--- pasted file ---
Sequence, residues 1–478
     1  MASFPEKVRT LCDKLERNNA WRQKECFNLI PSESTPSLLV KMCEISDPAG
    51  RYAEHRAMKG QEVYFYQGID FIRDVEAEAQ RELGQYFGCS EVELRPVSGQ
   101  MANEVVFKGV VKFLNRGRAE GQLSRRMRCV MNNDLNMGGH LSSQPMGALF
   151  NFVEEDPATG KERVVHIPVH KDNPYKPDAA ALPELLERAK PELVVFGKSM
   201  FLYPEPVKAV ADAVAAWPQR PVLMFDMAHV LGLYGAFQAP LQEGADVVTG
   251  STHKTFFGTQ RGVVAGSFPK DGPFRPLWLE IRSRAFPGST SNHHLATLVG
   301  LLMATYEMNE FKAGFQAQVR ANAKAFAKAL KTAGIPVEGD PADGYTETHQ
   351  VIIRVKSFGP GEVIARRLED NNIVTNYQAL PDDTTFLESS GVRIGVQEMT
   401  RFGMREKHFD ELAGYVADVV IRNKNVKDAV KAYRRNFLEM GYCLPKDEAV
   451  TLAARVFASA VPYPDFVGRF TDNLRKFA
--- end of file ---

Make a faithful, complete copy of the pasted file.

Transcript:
Sequence, residues 1–478
     1  MASFPEKVRT LCDKLERNNA WRQKECFNLI PSESTPSLLV KMCEISDPAG
    51  RYAEHRAMKG QEVYFYQGID FIRDVEAEAQ RELGQYFGCS EVELRPVSGQ
   101  MANEVVFKGV VKFLNRGRAE GQLSRRMRCV MNNDLNMGGH LSSQPMGALF
   151  NFVEEDPATG KERVVHIPVH KDNPYKPDAA ALPELLERAK PELVVFGKSM
   201  FLYPEPVKAV ADAVAAWPQR PVLMFDMAHV LGLYGAFQAP LQEGADVVTG
   251  STHKTFFGTQ RGVVAGSFPK DGPFRPLWLE IRSRAFPGST SNHHLATLVG
   301  LLMATYEMNE FKAGFQAQVR ANAKAFAKAL KTAGIPVEGD PADGYTETHQ
   351  VIIRVKSFGP GEVIARRLED NNIVTNYQAL PDDTTFLESS GVRIGVQEMT
   401  RFGMREKHFD ELAGYVADVV IRNKNVKDAV KAYRRNFLEM GYCLPKDEAV
   451  TLAARVFASA VPYPDFVGRF TDNLRKFA